From there, one has to watch for trail markers. I personally got lost every 100 feet and had to learn to look closely for bits of tape or trash that marked the "actual" trail, as opposed to game trails. This can make for slow-going if you aren't used to doing it.

Trail Marker

Once the "trail" reaches the "end" of the valley, it crosses Philippa creek on some downed logs, and then the real fun begins. The trail goes straight up the side of the valley wall, sometimes at a 75 degree angle. One must use hands to climb on roots and bushes, with water and mud cascading down on you as you climb (at least during snow-melt season). Eventually the trail pops out into the sunlight and displays a cruel false summit.

False Summit: a Stickery Bowl

At this point, I had been hiking for 3.5 hours. I lay down on a log in the sun and seriously considered abandoning this quest, but I realized I'd hate myself if I did that. So I hoisted my pack and kept soldiering. Part of the "bowl" was overrun with snow and I lost the trail. I stumbled around in the stickers for an hour before finally spotting a tiny little orange stripe 60 yards away. I trudged over to it, and it was a trail marker. Whew! Found the trail again. I was so tired now that the final 1/2 mile and 400 vertical foot gain took me an hour.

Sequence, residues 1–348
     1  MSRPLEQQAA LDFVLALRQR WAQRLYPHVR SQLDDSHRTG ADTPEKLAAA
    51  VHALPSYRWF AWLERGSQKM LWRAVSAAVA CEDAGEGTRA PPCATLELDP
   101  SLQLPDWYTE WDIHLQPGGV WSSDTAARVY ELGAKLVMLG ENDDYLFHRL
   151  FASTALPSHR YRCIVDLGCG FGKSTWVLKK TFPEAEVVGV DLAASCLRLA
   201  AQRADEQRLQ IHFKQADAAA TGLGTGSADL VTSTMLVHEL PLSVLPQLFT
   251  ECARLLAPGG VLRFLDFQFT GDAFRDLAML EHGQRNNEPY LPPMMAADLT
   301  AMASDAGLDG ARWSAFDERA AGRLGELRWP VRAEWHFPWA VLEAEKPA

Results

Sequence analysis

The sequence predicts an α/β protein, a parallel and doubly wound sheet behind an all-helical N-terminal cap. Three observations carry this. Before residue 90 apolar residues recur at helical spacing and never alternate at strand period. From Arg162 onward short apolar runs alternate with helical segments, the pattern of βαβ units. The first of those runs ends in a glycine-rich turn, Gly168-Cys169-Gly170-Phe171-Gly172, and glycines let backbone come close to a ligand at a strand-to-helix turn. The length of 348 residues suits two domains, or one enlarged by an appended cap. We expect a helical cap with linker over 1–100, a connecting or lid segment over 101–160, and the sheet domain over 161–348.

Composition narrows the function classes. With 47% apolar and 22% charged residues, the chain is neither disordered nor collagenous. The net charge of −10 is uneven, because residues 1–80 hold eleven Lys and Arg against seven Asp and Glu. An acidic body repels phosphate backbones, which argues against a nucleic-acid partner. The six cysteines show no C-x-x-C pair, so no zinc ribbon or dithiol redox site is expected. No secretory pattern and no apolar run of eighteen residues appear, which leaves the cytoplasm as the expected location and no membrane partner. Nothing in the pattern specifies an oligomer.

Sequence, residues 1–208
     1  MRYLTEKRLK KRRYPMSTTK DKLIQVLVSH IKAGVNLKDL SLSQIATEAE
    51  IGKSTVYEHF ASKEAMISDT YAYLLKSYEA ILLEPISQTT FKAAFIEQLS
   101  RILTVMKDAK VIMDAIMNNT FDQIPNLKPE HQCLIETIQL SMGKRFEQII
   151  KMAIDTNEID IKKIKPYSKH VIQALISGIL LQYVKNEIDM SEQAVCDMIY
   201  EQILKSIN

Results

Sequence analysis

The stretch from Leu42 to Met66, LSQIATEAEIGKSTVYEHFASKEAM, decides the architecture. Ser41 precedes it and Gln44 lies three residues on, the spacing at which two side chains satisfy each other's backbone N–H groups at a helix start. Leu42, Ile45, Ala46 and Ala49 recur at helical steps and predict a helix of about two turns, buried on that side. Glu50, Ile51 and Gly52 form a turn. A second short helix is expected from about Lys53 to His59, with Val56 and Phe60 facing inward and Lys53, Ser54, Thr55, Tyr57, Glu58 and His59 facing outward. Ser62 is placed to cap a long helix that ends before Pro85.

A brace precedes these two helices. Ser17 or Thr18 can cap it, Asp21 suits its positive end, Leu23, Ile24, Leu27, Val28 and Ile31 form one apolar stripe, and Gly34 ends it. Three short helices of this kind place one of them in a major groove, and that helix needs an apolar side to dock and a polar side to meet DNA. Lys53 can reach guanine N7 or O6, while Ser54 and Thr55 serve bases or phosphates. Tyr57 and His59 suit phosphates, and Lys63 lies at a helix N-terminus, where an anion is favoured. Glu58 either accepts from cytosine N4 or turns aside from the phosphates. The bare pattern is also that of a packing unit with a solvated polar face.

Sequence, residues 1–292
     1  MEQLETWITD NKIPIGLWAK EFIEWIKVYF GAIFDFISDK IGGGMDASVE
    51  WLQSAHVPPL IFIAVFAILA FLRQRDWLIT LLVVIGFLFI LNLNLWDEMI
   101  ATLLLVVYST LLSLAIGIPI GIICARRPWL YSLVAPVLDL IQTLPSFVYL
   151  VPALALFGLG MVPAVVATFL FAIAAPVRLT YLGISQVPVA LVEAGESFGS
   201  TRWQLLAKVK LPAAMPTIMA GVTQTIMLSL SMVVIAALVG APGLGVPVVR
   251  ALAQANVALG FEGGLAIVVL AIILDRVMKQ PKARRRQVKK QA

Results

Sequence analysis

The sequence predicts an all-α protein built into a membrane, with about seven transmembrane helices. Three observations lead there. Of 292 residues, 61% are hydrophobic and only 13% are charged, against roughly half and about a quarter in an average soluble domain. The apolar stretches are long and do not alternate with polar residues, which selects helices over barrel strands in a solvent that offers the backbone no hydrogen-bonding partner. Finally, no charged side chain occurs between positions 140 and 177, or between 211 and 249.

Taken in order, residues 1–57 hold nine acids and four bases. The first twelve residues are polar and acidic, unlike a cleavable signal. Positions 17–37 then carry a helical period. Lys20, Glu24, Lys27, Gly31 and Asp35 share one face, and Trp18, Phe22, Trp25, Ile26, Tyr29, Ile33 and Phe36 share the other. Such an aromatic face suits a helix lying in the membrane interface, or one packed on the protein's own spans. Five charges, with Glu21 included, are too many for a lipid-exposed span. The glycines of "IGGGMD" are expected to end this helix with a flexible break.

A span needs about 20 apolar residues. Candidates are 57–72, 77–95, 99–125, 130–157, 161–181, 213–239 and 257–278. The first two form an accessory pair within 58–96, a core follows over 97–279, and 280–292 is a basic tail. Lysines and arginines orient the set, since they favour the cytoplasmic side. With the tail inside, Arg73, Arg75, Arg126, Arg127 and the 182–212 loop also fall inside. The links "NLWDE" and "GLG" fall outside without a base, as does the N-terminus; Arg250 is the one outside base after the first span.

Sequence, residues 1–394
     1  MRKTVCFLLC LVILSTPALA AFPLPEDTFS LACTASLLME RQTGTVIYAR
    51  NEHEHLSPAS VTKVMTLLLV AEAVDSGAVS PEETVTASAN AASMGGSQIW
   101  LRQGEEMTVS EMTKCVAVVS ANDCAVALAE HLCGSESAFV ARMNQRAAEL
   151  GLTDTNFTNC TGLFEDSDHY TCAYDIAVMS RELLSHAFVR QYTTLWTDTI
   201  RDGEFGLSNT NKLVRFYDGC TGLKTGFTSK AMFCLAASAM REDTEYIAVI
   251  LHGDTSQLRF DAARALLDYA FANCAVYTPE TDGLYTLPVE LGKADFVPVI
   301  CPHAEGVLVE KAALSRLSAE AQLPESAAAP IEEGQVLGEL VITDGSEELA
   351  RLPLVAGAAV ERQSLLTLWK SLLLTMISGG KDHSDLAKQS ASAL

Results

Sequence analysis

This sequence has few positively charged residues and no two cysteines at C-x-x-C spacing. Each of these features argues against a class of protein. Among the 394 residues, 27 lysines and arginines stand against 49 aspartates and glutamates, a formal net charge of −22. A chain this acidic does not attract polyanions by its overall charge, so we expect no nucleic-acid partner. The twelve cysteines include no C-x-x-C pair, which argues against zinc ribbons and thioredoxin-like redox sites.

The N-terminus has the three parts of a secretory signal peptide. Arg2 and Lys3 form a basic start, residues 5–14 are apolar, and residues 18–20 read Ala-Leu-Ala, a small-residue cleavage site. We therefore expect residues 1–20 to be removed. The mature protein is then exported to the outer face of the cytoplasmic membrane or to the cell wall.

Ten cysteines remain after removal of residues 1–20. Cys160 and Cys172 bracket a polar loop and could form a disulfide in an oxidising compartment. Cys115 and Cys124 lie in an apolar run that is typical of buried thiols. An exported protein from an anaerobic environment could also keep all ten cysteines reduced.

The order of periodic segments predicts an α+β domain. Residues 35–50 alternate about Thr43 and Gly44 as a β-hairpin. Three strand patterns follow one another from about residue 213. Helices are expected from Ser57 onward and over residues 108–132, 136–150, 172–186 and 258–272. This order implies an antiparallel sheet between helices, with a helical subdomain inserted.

Lake Philippa

I stumbled down into the campsite of a couple of guys who'd gotten there the evening before (imagine night-hiking that trail). They said that the water was too cold for fishing; they'd been fishing all morning and had no action. I inflated my trail-boat and fished for a couple of hours anyway, never touching a fish. A low rumbling signaled a large stone/snow avalanche on one of the nearby peaks; very exciting to watch.

The trip down went faster than I expected, but not as fast as I hoped; it still took me 3 hours to get back to my truck. So my total hiking time was 8.5 hours. For that I was able to fish 1.5 hours with nothing to show for it.

Conclusion: The only reason that one might want to go to Philippa (unless you love a challenge) is to get away from other people. There are many, many prettier lakes nearby that are far easier (and safer) to get to. See just about any of the lakes I've written about on this blog! However, if you do go, plan on 5 hours to get to the lake and be sure you take the 10 essentials.